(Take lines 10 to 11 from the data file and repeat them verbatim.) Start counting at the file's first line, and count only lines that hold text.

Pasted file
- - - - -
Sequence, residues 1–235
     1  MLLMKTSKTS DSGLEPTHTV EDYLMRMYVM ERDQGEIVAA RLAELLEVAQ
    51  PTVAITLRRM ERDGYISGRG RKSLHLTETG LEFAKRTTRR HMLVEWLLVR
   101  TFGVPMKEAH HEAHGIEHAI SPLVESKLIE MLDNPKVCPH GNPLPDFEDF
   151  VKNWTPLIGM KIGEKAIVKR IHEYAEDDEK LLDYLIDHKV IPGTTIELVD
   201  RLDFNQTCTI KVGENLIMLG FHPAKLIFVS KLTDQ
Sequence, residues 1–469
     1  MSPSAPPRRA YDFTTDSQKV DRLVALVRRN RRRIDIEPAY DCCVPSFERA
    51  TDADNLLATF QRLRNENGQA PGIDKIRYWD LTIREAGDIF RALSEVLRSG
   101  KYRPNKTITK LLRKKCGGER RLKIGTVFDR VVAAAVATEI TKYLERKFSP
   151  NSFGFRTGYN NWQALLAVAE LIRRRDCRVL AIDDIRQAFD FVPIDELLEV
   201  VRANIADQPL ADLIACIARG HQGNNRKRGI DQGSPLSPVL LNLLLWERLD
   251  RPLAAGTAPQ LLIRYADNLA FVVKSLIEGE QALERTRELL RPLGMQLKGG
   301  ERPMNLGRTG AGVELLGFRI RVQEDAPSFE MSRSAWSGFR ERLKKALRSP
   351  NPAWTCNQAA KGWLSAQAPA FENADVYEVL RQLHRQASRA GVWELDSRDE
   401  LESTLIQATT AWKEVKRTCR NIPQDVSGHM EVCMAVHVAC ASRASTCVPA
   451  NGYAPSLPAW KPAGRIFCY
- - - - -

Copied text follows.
   101  KYRPNKTITK LLRKKCGGER RLKIGTVFDR VVAAAVATEI TKYLERKFSP
   151  NSFGFRTGYN NWQALLAVAE LIRRRDCRVL AIDDIRQAFD FVPIDELLEV